It’s been 44 years since the release of ZZ Top’s First Album, the Texas threesome’s debut record. The trio—bassist Dusty Hill and drummer Frank Beard led by guitarist/vocalist Billy Gibbons—have defied rock ‘n’ roll by staying together, making albums and touring consistently throughout the decades. But frontman Gibbons surprised us most of all with a double-whammy of a headline this year: he was laying tracks for a solo project and it would be a jazz record.
The final composition, Perfectamundo, drops this month. When Gibbons first announced the move, there were only vague references about him taking a turn towards jazz. Gibbons remained tight lipped about it while in the studio these months and the final work led to another two-fisted surprise: Gibbons, a teen protégé of Tito Puente (1), pressed an album with heavy Afro-Cuban sounds (2), replete with bilingual vocals and a motley crew of world musicians backing the blues rocker.
Gibbons took time to speak with Pulse and divulged a few more surprises about the process, upcoming projects and other influences.
Long Island Pulse: Why a solo album now?
Billy Gibbons: It was catalyzed by an invitation to the Havana Jazz Festival. I certainly wanted to attend but it got me thinking that it would be appropriate to come up with something fitting, something lively that would be compatible and somewhat removed from the ZZ Top sphere.
Pulse: How did writing Perfectamundo differ from a ZZ Top album?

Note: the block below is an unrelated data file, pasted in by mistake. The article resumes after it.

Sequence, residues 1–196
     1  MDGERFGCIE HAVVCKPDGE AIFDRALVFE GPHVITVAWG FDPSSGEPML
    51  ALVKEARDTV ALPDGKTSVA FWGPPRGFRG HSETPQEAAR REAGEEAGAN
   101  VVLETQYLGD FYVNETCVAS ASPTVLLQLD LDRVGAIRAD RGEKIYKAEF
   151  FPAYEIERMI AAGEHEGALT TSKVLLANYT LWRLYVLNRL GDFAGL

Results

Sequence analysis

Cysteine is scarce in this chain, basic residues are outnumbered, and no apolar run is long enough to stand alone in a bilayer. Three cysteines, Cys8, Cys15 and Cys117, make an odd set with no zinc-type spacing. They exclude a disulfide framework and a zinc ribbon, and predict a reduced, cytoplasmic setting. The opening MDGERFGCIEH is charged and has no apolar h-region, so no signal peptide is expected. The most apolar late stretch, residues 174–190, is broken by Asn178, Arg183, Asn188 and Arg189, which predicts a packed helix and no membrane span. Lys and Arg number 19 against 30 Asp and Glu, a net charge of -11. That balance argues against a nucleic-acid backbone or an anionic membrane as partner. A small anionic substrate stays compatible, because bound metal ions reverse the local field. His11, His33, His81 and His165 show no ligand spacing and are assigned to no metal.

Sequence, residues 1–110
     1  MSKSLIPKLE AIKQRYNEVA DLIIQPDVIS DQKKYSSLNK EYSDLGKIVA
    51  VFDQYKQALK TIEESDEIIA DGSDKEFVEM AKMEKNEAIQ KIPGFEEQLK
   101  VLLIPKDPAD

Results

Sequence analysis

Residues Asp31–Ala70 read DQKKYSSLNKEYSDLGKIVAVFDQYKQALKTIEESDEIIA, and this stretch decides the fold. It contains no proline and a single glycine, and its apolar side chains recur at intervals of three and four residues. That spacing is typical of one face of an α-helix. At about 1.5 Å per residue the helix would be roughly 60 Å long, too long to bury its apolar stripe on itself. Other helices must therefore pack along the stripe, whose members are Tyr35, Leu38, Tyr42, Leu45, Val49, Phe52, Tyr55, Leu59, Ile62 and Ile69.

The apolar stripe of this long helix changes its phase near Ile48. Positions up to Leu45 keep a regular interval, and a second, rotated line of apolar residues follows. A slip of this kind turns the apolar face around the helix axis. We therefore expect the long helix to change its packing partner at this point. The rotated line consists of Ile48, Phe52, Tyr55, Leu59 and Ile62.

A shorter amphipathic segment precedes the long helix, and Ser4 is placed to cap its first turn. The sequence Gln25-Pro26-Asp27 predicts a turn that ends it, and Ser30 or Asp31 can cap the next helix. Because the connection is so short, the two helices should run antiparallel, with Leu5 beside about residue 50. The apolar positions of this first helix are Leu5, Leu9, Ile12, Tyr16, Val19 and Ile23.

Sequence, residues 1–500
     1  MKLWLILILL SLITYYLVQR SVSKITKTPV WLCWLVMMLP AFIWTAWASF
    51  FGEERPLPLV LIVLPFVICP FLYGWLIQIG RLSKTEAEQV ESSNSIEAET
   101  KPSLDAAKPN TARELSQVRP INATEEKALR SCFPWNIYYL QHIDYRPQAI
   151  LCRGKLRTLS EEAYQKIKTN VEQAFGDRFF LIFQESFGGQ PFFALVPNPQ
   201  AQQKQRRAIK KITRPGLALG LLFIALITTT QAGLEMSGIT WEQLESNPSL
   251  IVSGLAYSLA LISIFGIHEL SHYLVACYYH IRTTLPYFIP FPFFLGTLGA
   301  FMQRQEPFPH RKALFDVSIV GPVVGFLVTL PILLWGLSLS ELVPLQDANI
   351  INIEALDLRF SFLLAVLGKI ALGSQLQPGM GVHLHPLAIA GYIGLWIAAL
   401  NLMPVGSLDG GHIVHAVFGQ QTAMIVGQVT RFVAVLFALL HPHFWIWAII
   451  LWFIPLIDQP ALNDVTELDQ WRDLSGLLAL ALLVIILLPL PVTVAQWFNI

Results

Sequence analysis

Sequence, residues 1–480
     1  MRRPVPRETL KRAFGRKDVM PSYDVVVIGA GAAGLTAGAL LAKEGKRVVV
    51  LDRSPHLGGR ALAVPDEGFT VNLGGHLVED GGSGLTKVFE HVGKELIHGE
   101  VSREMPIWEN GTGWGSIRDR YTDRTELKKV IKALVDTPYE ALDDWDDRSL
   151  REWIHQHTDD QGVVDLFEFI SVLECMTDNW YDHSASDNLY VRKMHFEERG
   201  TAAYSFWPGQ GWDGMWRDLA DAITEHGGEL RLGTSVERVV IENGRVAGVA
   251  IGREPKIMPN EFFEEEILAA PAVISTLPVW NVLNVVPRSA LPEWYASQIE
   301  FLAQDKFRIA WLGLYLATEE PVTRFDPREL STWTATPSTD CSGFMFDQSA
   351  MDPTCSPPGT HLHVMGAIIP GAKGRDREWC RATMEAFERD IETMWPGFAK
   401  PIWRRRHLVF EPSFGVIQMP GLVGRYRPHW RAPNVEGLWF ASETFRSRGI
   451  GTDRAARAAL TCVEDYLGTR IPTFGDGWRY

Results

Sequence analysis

BG: We thought about the rhythmic structure first and built things around that as opposed to dealing with the melody first.
Pulse: What can fans expect from the upcoming solo tour?
BG: We’ve got a great band along for the ride: Austin buddy Mike Flanigan and Martin “G.G.” Guigui who both do that B3 [Hammond organ] thing, Alex “Guitarzza” Garza on percussion (he raps, too), two wonderful drummers Melanie DiLorenzo and SoZo and yours truly bringing those blues licks to an Afro-Cuban context.
Pulse: Do you think there are more solo releases in your future?
BG: Our plan is to have no plan. We’ll of course keep the ZZ train on track and when an idea or project comes along that looks appealing, there’s no reason not to jump in and see where things take us. It’s a wild ride and we have no intention of getting off any time soon.
Pulse: The Tito Puente connection surprised most of us, who are some of your other heroes?
BG: B.B. King—a beautiful man whose mastery is truly astonishing. He sings with two voices: his own and Lucille’s. That’s a winning combination. Of course, Muddy Waters came along and everything changed. Come on! The hero of the Houston ghetto: Lightnin’ Hopkins, with his mysterious sonic language that we somehow all understood. Lots more, if you have the time: Jimmy Reed, Freddy King, Albert King, Howlin’ Wolf.
Pulse: Is ZZ Top working on new music?
BG: Well, yes…it’s once again, rattling around in our collective sonic mind aimed on wax. LOUD.
Pulse: What do you attribute to ZZ Top’s longevity?
BG: Two words: fine times. We enjoy keeping on keepin’ on. It’s been a great ride and it continues, full speed, today.
Billy Gibbon’s new album will be released Nov 6 via Concord Records. Hear Gibbons and his BFGs in Manhattan when they play Town Hall on the 17th.